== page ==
Tuesday, August 05, 2008

Raster vs Vector

This is a copy of a post I made on Shutterstock in reference to someone's question about raster and vector images and is simplified a bit, but should be helpful to someone who is still trying to figure out the whole raster/bitmap vs vector thing.

In a very basic nutshell... bitmap and raster are used interchangeably. That format is basically represented by x number of pixels (dots) and each of those pixels has a color. If you zoom all the way in to an image (like a photograph) you see big dots and each one has a color. That's a raster image or more commonly referred to as a bitmap image. With one of these raster images, like a picture, you can make it smaller if you need to, but you can't really make it much larger (called upsizing) than it is without a serious degradation in quality. Some common bitmap files are .png, .jpg, .gif, .tga, .tif and .bmp.

A vector image is made up (again, simplifying) of math commands that say "go here and draw this kind of line" or "go here and draw a circle of x radius" -- but of course, we don't create those images that way, thankfully! As a result, you can't really zoom "all the way" to a vector image to see the dots or pixels. As a result, a vector can be resized to whatever size it needs to be. So vector images can be upsized/resized to any size that someone might need, from an icon to a 300 dpi billboard (which would be insane). Illustrator is the most common program used to create vector images. Flash is probably the other really well known program that makes vectors, though it's not really referred to as such and isn't really built for making "vector images" as much as interactive stuff. Inkscape is a free vector creation program, and it's quite nice. An .eps file is an example of a vector file, along with .ai files.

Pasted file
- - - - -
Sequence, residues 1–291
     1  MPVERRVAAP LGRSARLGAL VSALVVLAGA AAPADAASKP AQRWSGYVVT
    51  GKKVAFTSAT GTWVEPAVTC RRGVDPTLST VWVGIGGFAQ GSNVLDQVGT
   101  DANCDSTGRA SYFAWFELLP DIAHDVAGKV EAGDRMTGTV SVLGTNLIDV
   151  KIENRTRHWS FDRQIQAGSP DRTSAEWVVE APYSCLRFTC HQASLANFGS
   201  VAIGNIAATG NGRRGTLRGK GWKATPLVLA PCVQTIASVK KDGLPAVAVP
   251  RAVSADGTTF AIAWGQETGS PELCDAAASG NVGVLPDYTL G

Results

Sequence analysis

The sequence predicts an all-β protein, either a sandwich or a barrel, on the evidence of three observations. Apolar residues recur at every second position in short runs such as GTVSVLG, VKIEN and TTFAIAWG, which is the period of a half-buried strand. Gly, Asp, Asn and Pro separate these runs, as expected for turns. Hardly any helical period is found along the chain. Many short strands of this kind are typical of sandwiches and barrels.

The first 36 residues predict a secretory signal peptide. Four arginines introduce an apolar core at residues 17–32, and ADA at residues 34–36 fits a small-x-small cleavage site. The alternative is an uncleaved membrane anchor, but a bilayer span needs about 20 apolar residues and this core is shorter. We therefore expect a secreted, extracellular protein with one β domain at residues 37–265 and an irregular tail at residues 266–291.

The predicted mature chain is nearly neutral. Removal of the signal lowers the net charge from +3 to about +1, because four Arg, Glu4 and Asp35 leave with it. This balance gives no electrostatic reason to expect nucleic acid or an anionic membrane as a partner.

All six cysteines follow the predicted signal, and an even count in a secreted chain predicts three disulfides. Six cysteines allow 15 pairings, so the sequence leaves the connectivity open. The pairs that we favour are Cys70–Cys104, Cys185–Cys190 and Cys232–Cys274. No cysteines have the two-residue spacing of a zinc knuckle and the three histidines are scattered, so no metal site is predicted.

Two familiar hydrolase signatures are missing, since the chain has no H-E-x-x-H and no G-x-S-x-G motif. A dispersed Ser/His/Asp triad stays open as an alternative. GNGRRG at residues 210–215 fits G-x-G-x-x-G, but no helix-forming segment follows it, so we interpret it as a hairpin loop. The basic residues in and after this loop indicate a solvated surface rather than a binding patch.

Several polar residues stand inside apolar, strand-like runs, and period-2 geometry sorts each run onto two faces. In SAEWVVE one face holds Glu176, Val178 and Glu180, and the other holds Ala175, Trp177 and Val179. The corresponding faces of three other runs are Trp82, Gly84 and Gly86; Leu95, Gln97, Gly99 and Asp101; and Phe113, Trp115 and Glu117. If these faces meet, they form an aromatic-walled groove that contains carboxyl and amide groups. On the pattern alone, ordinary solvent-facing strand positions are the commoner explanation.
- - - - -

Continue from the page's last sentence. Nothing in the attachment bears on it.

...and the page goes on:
To confuse the issue further, you can import pictures (aka rasters or bitmaps) into flash or illustrator but if you're doing a true vector illustration you won't want to do that.

If you're doing stock images, when you're done making your vector image in Inkscape, you need to export the vector version (.eps) for upload to your favorite site as well as a raster version (which you export from inkscape as .png and convert to .jpg) which you create from within inkscape by doing Export->PNG.

It's all a bit confusing, but once you jump into it, it'll make more sense.

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